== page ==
Last week Kyle James, son of Kansas City’s mayor, Sly James, was the topic of local talk radio hosts after his latest run-in with the police. His car was towed from in front of the family home and impounded after he failed to pay for taxes and registration. After some phone calls and a seven hundred dollar payment to the tax collector, the vehicle was returned, although a two hundred dollar fee was waived.
Despite claims from the mayor’s spokesman to the contrary, many suspect there was preferential treatment shown to the younger James. It seems others have not had such luck getting around impounding fees and feel like the mayor’s son shouldn’t enjoy such a privilege.
But in defense of the guy, no one should have to pay the cops two hundred bucks for the inconvenience of retrieving his vehicle after they stole it. Property taxes are evil enough, but paying thieves to get your stuff back is just piling on.
In all the commentary regarding this story no one suggested that we all ought to be free from such gangsterism. Instead, there was a lot of whining about how James should have to pay up. Of course it’s unethical for the political class and their family to take advantage of their station, but why should we expect any different? So yes, special privileges should be done away with, but not in the way so many are calling for. This case demonstrates why it’s critical to strike the root, rather than try and reform this rotten system.
“…they would rather be equal in slavery than unequal in freedom.”
This was Alexis de Tocqueville’s impression of Americans when he visited in the nineteenth century. Not much has changed, as the “Market Place Fairness Act” makes it way through congress.
No doubt, brick-and-mortar businesses can’t wait for something like this, which will surely deter Internet commerce by imposing new taxes on online retailers. That one group is bilked by the state, so the only way to ensure fairness is to expropriate from another group, turns fairness on its head.
No business should be forced to collect taxes for the state, it’s a horribly regressive form of taxation in the first place, Second, it means the business necessarily becomes an agent of the government, an altogether perverse situation.
This twisted idea that the government is doing this in order to achieve fairness — and not put its hands on billions of dollars in tax receipts — seems quite transparent. But maybe I’m just too cynical.
Today is Tax Freedom Day. In a sense, everything else that is produced from here until the end of the year, is ours.
…is all of it.
1) The GOP is just as guilty of allowing taxes to increase. They set the sunshine on the Bush tax cuts and plenty of them voted to raise taxes in January.
2) “America” didn’t take anything back yesterday. The sequester is a creature of both parties (plenty from each party voted for it) and it’s not as if spending is decreasing; it’s still going up.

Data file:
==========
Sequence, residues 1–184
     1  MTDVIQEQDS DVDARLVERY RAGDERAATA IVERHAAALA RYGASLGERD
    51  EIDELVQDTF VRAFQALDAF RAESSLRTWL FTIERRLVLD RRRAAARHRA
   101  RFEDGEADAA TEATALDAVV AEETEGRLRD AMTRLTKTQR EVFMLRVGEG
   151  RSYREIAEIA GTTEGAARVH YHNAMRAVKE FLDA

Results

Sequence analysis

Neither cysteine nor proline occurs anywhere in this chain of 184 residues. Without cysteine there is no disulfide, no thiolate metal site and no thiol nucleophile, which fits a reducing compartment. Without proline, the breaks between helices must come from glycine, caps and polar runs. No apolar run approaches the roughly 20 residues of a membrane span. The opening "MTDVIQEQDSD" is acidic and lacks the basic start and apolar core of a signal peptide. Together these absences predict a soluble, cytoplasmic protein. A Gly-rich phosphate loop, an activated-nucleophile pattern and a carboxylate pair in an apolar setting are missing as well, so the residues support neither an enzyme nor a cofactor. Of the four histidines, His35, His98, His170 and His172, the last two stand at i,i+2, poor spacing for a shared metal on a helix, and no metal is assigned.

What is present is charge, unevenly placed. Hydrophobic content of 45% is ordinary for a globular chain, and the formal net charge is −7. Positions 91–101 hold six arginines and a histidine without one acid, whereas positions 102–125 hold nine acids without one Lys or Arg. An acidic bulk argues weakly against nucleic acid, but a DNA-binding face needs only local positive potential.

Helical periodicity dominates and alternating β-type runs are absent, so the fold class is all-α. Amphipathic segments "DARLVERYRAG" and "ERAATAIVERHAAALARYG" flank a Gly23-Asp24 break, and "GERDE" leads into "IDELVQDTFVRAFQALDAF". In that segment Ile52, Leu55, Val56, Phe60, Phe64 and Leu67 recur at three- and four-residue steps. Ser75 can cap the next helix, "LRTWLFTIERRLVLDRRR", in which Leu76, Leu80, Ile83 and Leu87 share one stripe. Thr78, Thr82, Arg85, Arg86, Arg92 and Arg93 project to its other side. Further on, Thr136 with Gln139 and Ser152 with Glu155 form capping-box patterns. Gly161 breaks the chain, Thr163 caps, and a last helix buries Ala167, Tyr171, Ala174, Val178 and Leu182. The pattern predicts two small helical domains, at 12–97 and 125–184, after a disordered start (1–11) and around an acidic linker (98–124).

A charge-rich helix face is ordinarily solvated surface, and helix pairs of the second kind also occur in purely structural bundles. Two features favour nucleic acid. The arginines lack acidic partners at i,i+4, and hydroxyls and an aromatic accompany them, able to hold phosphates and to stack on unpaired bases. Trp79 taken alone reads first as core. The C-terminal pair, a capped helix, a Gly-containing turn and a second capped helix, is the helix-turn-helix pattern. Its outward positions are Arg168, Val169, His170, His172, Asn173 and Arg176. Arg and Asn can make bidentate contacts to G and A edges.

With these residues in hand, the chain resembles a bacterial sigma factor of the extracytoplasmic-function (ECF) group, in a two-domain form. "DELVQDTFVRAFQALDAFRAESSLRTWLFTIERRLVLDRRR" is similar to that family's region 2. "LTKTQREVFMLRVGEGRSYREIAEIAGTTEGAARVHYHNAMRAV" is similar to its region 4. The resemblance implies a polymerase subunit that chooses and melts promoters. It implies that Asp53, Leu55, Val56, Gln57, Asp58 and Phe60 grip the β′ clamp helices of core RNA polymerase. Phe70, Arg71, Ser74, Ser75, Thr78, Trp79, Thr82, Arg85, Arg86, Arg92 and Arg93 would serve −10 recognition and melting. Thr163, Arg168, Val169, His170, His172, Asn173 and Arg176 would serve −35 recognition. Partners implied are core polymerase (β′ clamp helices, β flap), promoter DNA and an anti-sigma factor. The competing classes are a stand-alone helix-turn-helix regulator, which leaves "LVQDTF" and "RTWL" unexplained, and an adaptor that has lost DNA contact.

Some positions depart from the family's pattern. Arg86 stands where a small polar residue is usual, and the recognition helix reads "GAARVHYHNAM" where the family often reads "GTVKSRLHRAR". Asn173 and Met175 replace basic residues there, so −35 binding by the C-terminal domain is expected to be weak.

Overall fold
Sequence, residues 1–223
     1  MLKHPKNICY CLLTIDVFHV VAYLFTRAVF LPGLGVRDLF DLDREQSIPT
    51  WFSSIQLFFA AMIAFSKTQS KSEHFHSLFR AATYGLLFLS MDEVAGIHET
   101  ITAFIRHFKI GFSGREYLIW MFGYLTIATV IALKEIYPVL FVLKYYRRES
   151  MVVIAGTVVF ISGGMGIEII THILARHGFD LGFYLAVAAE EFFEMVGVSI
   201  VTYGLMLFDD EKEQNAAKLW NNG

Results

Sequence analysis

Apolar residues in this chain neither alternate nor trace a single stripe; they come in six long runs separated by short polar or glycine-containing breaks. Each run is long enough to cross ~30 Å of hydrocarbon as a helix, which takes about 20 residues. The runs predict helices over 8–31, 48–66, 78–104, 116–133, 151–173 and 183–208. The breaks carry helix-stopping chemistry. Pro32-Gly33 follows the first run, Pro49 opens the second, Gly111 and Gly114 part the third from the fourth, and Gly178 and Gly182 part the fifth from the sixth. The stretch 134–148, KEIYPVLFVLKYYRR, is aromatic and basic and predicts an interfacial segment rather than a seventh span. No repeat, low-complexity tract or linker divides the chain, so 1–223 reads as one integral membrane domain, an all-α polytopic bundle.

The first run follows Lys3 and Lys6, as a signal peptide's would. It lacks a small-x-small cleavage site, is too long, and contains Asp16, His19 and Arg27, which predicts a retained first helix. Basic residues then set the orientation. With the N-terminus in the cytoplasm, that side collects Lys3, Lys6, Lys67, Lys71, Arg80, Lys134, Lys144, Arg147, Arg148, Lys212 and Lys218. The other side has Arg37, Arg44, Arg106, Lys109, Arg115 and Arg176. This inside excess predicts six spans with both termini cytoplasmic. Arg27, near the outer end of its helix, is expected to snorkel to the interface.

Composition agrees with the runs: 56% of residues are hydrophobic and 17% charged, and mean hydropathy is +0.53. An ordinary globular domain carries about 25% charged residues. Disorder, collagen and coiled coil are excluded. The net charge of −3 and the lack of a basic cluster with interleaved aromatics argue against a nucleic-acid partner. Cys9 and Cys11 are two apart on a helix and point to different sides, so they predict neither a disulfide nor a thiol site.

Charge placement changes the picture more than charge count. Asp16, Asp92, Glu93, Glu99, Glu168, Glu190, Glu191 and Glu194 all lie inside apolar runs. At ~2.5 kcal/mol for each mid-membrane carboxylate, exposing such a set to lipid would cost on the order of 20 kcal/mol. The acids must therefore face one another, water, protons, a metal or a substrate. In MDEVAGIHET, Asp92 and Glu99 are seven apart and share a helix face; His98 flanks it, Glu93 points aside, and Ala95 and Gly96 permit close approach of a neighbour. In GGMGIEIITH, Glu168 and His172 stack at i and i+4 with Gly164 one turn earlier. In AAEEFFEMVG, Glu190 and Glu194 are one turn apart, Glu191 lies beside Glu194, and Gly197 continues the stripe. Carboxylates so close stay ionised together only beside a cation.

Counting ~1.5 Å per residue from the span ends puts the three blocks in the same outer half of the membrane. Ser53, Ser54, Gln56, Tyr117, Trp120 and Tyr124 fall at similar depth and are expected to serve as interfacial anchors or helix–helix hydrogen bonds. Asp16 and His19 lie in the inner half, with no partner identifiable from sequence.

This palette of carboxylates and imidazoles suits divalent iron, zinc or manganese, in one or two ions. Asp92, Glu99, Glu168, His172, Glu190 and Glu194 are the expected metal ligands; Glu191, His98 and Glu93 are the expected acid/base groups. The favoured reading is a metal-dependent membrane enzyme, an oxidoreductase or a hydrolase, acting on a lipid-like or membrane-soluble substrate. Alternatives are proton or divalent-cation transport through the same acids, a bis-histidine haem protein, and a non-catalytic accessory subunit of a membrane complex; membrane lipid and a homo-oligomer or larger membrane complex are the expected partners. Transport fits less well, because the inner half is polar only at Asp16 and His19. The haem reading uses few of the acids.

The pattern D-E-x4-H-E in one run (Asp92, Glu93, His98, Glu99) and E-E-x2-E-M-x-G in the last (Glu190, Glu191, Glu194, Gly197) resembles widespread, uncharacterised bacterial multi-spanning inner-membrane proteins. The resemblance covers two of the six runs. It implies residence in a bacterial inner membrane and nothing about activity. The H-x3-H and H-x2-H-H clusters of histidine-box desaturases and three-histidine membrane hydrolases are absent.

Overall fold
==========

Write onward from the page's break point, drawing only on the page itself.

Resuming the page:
Recently the Food Network aired an episode of Chopped, a competitive cooking show, in which the contestants were professionals who worked for non-profit food banks and charities. The host and the judges each made a point to thank the chefs for serving their fellow man and commended them essentially, for ”giving back to their communities.” The assumption being that for-profit organizations don’t serve others or are somehow less praiseworthy.
The truth is that both kinds of organizations provide valuable services. For-profit firms, along with offering value to willing customers, take their profit and reinvest it, thereby increasing the capital stock and with it, future productivity. Living standards can rise only when production increases, and profit makes this possible.
It seems that Rush Limbaugh has been criticizing non-profits, and those who go to work for them. This is in part because of the misconception that those organizations are more “socially responsible” or some other such cliché. But Limbaugh’s ire is also largely due to the tax exemption that they receive, as if the problem is that there are just too few companies being forced to hand over money to the government.
During one of his recent shows, Limbaugh said this about non-profits:
[T]he people that run nonprofits earn lots of money. They have nice new buildings. They have cars. They have expense allowances. […] You know what, nonprofits don’t pay taxes. The Harvard Endowment is a nonprofit. They claim to be. The Harvard Endowment makes about $10 billion in profit every year. They don’t pay a penny in taxes.
The irony of a guy spewing pro-tax rhetoric against “the rich,” who stereotypically rails against liberals wanting to impose punitive taxes on the wealthy, is rich indeed.